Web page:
Leading the charge – how step charging shoes and spray-on batteries will change the way we power up

Power cables? Where we're going we don't need power cables. The future of mobile power is in your shoe. Or in a can

Charging your gadgets overnight will soon be a thing of the past. If your current mobile battery life were the equivalent of holding your breath to go underwater, the barrage of kit on its way is like a full deep sea diving rig.

Ray cans

onbeat solar headphones

OnBeat is set to deliver solar powered headphones that'll charge your iPhone as you listen. The sun-loving headphones hail from not-so-sunny Glasgow, so there's also the option to charge them the old-fashioned way, and pass that juice on to your iPhone when it starts to peter out. The Kickstarter project was set up after its founders "searched the all over the internet and were surprised to find nothing exists." Andy Anderson and his crew are hoping to ship the OnBeats in daylight-starved February in black/orange or Kickstarter-only green. They're £70 (RM341) to pre-order.

Shoe juice

solepower charger

Slip this insole into your shoe and its removable battery will give you an entire iPhone charge from just over two miles of walking. Using mechanical linkages and generators the insole will effectively be like a scaled-down hand crank charging a battery that straps to your ankle or shoe. Plug that into your device and, once you've put in two and a half miles of walking (the daily average), you can enjoy your not-so-hard-earned free power. Despite the tech not being available until December 2014 the early bird Kickstarter deals are gone, with prices now starting at US$100 (RM317).

Small to the wall

The world’s smallest battery-come-wall charger packs enough juice for two full iPhone charges. But the clever bit is its ability to charge itself while juicing up your phone from the socket – meaning you don’t need to remember to keep it topped up. International adapters are available and the 3000mAh juice buddy itself will set you back US$50 (RM159) on KickstarterThe downside? It’s not out until October and shipping outside the US is another US$15 (RM48).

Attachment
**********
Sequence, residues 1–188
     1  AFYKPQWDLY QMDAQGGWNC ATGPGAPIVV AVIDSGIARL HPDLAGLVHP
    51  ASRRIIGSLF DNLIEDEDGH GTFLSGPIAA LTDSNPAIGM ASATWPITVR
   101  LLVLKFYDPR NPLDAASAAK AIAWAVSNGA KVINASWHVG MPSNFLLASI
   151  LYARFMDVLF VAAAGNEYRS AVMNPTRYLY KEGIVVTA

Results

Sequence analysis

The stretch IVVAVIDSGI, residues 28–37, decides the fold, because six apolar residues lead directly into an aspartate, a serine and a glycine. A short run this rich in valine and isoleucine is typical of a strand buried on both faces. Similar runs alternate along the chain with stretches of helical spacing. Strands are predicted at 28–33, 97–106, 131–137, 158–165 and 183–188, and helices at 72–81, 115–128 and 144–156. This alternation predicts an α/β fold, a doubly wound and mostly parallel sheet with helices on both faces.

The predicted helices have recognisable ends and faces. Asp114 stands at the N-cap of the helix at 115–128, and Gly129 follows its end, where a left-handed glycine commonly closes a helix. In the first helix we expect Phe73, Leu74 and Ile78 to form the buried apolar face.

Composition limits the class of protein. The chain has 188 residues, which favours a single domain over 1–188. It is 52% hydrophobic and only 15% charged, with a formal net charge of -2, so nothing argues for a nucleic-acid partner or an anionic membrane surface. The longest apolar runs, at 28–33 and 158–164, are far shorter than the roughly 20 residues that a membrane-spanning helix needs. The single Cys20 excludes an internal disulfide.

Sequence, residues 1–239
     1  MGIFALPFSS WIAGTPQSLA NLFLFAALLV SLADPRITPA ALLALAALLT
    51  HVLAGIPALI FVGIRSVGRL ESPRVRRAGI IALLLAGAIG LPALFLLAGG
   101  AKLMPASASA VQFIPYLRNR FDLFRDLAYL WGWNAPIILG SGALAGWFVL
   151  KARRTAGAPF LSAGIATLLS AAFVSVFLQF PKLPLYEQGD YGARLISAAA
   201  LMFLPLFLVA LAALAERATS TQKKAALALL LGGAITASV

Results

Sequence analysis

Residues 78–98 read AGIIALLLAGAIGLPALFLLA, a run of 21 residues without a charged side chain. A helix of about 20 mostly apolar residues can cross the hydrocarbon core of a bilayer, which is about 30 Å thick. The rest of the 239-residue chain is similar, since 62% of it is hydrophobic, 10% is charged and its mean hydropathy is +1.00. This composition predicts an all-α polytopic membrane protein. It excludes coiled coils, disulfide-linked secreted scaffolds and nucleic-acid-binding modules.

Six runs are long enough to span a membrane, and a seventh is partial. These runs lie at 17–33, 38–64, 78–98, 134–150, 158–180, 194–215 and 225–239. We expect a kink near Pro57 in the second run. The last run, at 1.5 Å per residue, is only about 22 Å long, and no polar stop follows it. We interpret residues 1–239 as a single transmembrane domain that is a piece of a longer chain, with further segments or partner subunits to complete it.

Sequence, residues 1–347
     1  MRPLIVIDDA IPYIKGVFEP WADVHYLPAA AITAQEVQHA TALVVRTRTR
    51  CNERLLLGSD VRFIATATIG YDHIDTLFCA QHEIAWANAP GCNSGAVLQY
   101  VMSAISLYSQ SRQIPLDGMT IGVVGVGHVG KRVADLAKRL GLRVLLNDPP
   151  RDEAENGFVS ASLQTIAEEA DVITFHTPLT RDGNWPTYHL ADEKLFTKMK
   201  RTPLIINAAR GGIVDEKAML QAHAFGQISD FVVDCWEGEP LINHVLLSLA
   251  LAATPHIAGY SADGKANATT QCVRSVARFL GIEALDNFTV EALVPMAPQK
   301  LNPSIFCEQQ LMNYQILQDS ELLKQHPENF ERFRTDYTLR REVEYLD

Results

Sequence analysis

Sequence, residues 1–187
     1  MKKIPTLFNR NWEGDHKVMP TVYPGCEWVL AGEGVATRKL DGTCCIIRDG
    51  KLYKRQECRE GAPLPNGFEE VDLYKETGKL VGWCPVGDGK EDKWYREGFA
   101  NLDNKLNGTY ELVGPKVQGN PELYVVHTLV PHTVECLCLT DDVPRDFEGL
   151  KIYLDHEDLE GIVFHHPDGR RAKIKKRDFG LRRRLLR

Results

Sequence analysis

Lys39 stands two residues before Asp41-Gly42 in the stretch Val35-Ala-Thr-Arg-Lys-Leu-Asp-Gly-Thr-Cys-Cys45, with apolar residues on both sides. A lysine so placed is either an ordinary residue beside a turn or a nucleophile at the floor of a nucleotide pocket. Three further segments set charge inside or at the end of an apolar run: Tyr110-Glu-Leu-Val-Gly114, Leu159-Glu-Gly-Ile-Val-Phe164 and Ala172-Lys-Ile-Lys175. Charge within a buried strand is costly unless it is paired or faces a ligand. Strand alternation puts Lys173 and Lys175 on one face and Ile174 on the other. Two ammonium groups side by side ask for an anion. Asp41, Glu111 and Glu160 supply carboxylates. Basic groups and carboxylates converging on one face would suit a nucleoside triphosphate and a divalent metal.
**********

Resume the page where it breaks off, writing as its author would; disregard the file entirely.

Soft cell

electromagnetic harvester

Designer Dennis Siegel’s electromagnetic harvester will be able to power your devices from energy harvested from latent energy fields. Right now it takes a day to charge a single AA – but in the future this wireless charging technology has huge potential.

Rapid refreshment

usc battery

A recent battery breakthrough uses porous, flexible silicon nanowires for the anodes in a lithium-ion battery. In not-so-science-speak that means triple the battery capacity, a full charge in 10 minutes and 2000 more cycles than current batteries. Ideal for quick charging of electric cars and even your mobile – presuming it gets past the USC test phase.

Atomised energy

rice spray battery

Spray on batteries, developed at Rice University could mean any surface is a potential charge station. Imagine if your mobile just needed a squirt of battery dust to keep going, or your TV could be wall mounted without a wire in sight. You could even spray your entire house to make it a giant battery for all your kit – taking off-the-grid to another level. [Source: Engadget]

The power of print

3d printed battery

Once again 3D printing is pushing innovation – this time by making really, really small batteries. University bods have managed to print a battery from nanoparticle-filled paste. That means it could fit into the seams of clothes, make Google Glass look like normal glasses, or even be implanted in your body – all without being visible to the human eye. [Source: GigaOM]